Hopefully the courts and the patent office are beginning to see the problem with software and busienss method patents and rulings like we got yesterday are a hopeful sign.

Conventional Wisdom Will Be Wrong

As I read through all of these third quarter letters from various fund and asset managers I am getting, I keep reading the same things. It’s time to cut exposures, leave equities for now, expect 2009 earnings estimates to get cut a lot more, you can’t buy this market right now, etc, etc. It’s amazing to see how everyone is saying the same thing. I even see it in the the comments to my posts on this topic to my post on this topic yesterday.

It’s the same thing with VCs and entrepreneurs giving advice (me included). We are all saying the same things. And we are doing that because of the lessons we’ve learned in prior downturns. Nothing wrong with that.

But I am reminding myself this morning that conventional wisdom will be wrong. It will not play out exactly the way the best fund managers, VCs, and entrepreneurs think it will. I like what Max Levchin said at the venturebeat downturn event:

Don’t listen to anybody. Nobody knows what’s going to happen next … Better to be contrarian in times like these than not.

I’d alter that a bit. Listen to everyone. Read everything you can. And then come to your own conclusions. It is better to be contrarian in times like these. But do it wisely and don’t bet the farm.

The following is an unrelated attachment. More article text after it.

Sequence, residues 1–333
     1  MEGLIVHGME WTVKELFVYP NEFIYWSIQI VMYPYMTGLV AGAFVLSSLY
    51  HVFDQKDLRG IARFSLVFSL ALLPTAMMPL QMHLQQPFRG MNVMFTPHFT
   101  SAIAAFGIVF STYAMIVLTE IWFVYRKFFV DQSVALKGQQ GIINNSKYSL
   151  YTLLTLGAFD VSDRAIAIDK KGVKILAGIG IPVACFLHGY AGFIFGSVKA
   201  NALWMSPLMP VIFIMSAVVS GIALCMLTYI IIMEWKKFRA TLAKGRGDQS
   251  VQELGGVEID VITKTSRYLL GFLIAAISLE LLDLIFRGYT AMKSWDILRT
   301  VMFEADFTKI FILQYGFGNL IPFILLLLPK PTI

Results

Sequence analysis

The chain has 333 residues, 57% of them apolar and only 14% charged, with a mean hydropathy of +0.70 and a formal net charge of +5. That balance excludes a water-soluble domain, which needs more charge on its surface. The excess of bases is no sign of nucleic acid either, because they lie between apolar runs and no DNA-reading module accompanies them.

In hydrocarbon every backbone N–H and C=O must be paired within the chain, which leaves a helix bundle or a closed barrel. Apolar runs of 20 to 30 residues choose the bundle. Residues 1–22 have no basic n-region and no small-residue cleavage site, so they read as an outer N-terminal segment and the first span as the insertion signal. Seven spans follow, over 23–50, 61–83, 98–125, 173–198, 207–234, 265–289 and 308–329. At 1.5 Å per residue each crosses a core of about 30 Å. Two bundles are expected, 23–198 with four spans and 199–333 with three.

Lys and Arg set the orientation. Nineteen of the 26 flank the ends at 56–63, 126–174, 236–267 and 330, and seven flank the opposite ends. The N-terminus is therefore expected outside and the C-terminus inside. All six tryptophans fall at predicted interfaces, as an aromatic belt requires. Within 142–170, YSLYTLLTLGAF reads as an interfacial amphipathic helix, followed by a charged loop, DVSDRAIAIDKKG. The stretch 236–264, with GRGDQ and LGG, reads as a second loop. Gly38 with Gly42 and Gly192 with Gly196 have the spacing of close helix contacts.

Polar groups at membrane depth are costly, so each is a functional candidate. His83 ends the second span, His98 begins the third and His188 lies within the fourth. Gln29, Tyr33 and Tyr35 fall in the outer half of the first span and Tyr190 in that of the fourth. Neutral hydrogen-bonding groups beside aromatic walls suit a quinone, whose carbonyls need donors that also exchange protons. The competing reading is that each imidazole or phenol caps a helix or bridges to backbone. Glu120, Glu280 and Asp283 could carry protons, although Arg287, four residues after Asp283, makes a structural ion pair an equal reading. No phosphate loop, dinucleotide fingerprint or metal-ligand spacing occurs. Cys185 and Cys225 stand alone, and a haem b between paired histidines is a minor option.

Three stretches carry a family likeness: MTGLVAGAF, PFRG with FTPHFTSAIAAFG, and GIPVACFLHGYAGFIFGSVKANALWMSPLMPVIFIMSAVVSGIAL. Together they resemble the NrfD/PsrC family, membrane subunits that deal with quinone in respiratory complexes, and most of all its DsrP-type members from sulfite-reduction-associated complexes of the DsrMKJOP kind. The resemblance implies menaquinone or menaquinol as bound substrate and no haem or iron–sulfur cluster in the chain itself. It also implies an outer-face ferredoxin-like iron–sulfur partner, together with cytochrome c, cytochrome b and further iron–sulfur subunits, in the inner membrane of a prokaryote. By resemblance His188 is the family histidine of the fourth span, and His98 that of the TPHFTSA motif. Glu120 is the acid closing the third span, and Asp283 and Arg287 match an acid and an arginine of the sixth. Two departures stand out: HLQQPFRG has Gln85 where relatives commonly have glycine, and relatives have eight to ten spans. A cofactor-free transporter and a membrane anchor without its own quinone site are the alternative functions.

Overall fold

Donors Choose Is My Tip Jar

Last night I asked this community to join me in funding a $1,289 LCD for a needy classroom in Los Angeles. This morning I wake up and find the whole thing is funded. Wow. Thanks to everyone who contributed. If you want to fund another needy classroom project, go here and pick one.

I’ve always been a fan of the idea of a tip jar to pay people for the work they do voluntarily (blogs, photos, videos, etc). But I don’t need tips and if I took them, they’d just go to Donors Choose, Grameen, or some other important organization changing the face of charitable giving and philanthropy. That’s what I do with the ad revenue from this blog.

I am going to think some about incorporating tipjoy into this blog. I’d like to do it on a post by post level and I am not sure tipjoy can do that automatically. And I am also not sure I can direct all the money to charity automatically. But if I can work out those kinks, look for this kind of thing on my blog posts going forward.

Help A Needy Classroom Get An LCD Projector

We use the LCD projector in our conference room every day. I don’t honestly know how we’d function without it. A young friend of mine who graduated from college last year told me that he uses an LCD connected to his laptop in lieu of an expensive flat panel display in his apartment and his friends always marvel at the quality of the video coming in over his laptop and getting displayed on his wall.

LCD projectors are also an amazing teaching tool. Yes, a smartboard is more powerful but it’s also a more expensive solution and teachers can do a lot with a laptop and an LCD projector.

So today, I gave $200 towards getting an LCD projector for a needy classroom in Los Angeles, CA. If you click on that link and decide to give to this project alongside with me (I hope you do), please give via this link. It’s the second project on the AVC giving page. The total cost of this project is $1,289. One other person and I have given $275 so there’s $1,014 left to get this teacher the projector.